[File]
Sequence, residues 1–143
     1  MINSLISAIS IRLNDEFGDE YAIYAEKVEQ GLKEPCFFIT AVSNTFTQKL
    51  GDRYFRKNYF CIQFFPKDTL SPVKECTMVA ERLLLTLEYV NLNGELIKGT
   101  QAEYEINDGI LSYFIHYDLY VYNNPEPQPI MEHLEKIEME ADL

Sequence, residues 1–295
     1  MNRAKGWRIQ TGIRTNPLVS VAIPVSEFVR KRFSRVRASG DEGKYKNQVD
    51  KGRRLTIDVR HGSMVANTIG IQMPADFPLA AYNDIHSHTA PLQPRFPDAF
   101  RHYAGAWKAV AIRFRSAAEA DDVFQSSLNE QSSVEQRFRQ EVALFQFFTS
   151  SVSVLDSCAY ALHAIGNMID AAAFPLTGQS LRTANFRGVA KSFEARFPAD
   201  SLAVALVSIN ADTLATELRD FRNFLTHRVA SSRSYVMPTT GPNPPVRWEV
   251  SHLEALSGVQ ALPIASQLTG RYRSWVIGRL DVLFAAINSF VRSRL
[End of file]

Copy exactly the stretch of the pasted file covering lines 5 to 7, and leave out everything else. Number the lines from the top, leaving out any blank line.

Sequence, residues 1–295
     1  MNRAKGWRIQ TGIRTNPLVS VAIPVSEFVR KRFSRVRASG DEGKYKNQVD
    51  KGRRLTIDVR HGSMVANTIG IQMPADFPLA AYNDIHSHTA PLQPRFPDAF